Plex to add movie and TV show purchases as it adapts in the post-piracy age

Plex moves into TV and movie rentals and purchases to try and capture more of the cord cutter market

(Image credit: Plex)

Plex, the media server company, is launching its own store for TV and movie purchases and rentals next month, February 2024. "Most studios" are already on board for the planned February launch, and while Plex has previously announced this feature arriving in 2020 and again in 2023 it seems that it really means it this time.

The news comes via the entertainment industry newsletter Lowpass, which says that in addition to the store "the service is also gearing up for some big changes under the hood, additional social features, and a significant redesign."

When Plex announced its plans last year before apparently delaying them for the second time – "it was a lot harder than we thought," the firm admitted – TechCrunch went into more detail: the company was intending to launch a subscriptions feature "which would allow users to subscribe to paid streamers through Plex. And it aims to introduce recommendations in its Discover section launched earlier this year, offering users a Universal Watchlist and its first social experiences."

Plex is making plans for streaming success

Plex began as a hobby back in 2007 when Elan Feingold ported the XBMC media player to the Mac. Feingold then became part of a team developing the new app further, and for many years what became Plex was seen as a product primarily for the home media hardcore. But in the late 2010s the firm began targeting the cord-cutter market more widely, and in 2017 it launched its own streaming TV service. It expanded into ad-supported streaming in 2019, and launched an ad-supported live TV service in 2020.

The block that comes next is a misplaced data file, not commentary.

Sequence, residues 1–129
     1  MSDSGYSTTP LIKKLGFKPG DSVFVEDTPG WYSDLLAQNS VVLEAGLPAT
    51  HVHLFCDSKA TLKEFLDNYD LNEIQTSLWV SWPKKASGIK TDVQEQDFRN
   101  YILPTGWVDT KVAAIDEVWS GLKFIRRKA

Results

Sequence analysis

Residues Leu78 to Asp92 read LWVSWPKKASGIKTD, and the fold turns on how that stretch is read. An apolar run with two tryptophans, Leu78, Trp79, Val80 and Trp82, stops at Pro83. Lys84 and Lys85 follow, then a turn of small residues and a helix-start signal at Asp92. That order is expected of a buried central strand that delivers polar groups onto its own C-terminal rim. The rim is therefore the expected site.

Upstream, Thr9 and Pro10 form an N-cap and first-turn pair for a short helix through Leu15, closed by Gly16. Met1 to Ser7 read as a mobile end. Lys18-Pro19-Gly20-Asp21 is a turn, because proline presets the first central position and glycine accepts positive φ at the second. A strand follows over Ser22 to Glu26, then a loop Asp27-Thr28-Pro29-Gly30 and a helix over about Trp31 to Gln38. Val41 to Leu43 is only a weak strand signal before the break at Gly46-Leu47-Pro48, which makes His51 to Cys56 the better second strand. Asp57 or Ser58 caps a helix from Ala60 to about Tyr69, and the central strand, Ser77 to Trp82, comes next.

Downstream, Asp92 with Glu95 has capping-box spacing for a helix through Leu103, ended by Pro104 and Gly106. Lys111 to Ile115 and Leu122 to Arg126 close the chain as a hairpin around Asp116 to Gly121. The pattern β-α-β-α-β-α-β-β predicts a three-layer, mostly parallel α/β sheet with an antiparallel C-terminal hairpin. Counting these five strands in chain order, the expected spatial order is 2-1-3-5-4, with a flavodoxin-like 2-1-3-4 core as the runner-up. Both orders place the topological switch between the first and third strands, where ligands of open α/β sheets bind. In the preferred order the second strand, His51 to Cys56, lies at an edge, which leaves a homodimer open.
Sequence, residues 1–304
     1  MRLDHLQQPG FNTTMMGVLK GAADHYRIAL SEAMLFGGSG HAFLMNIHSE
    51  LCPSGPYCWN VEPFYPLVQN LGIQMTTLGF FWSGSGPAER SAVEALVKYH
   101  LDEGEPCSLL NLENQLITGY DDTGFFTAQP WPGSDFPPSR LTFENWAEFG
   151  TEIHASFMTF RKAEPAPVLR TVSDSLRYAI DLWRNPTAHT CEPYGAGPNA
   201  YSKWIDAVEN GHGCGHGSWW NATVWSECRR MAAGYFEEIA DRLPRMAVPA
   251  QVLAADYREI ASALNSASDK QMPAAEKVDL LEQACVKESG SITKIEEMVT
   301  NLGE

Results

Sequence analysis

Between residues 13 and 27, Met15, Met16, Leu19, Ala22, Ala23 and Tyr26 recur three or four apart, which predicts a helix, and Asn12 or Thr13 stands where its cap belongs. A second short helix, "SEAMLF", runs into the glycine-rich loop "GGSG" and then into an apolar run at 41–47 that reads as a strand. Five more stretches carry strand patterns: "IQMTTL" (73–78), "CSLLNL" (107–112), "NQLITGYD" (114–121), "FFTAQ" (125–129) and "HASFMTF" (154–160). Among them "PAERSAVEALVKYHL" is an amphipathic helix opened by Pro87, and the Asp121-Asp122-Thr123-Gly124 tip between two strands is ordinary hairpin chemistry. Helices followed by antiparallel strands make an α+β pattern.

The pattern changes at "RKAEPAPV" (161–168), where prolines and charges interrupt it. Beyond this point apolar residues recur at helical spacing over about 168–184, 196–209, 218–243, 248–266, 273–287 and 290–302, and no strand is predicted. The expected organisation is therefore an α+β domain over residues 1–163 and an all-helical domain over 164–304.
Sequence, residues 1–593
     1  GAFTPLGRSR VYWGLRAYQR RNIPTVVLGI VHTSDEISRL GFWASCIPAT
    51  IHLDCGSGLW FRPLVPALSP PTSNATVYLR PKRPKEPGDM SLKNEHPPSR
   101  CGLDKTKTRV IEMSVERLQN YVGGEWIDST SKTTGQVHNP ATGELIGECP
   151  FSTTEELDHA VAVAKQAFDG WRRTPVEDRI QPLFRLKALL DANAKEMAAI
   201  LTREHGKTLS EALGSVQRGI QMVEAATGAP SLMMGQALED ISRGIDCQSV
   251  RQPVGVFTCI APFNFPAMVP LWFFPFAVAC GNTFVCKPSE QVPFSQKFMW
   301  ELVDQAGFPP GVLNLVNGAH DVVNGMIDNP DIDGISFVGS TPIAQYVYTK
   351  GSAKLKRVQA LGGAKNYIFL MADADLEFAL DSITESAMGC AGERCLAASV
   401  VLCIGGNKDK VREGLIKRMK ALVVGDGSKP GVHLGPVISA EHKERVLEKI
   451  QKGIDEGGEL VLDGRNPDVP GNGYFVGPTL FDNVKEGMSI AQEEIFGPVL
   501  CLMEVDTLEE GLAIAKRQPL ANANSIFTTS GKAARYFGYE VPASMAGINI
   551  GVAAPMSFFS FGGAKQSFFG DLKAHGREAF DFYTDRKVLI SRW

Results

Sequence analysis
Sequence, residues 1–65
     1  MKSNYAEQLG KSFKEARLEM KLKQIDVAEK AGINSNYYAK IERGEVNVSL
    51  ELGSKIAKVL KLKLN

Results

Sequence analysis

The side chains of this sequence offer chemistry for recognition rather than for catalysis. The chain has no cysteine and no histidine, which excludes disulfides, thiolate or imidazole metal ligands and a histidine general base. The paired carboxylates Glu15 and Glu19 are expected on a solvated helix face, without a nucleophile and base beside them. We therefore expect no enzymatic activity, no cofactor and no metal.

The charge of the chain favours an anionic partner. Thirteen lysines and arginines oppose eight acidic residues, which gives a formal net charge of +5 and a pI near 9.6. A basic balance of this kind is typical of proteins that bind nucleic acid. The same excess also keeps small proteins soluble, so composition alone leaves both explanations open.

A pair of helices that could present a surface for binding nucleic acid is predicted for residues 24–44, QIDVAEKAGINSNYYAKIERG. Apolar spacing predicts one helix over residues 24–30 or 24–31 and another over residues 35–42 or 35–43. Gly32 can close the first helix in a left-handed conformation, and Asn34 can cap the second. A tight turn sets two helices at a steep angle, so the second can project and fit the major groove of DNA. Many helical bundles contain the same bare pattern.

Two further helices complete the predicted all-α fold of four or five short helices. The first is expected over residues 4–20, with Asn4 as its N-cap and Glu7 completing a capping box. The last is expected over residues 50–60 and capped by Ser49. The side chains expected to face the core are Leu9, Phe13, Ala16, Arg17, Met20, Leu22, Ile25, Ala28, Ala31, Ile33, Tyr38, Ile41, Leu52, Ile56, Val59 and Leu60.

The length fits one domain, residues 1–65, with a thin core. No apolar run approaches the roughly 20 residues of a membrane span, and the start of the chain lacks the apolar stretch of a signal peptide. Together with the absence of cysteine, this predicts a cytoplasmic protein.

The worry for some Plex users is that the service is now being pushed not by a desire to make the best product, but to deliver the biggest possible growth to its heavyweight financial backers: the news that Plex plans a major user experience refresh to, as The Verge puts it, help people "to watch ad-supported movies and TV shows and FAST (free, ad-supported streaming channels)" has some worried that the app will turn into more of a hard sell for its own channels and store. 

The fear isn't so much that the app will have those features; it's that Plex might put them at the centre of the app whether you want them to or not. Hopefully the integration will be handled in much the same way as the integration of audio streaming services such as TIDAL: there if you want it, but not in your face if you don't.

Carrie Marshall

Writer, musician and broadcaster Carrie Marshall has been covering technology since 1998 and is particularly interested in how tech can help us live our best lives. Her CV is a who’s who of magazines, newspapers, websites and radio programmes ranging from T3, Techradar and MacFormat to the BBC, Sunday Post and People’s Friend. Carrie has written more than a dozen books, ghost-wrote two more and co-wrote seven more books and a Radio 2 documentary series; her memoir, Carrie Kills A Man, was shortlisted for the British Book Awards. When she’s not scribbling, Carrie is the singer in Glaswegian rock band Unquiet Mind (unquietmindmusic).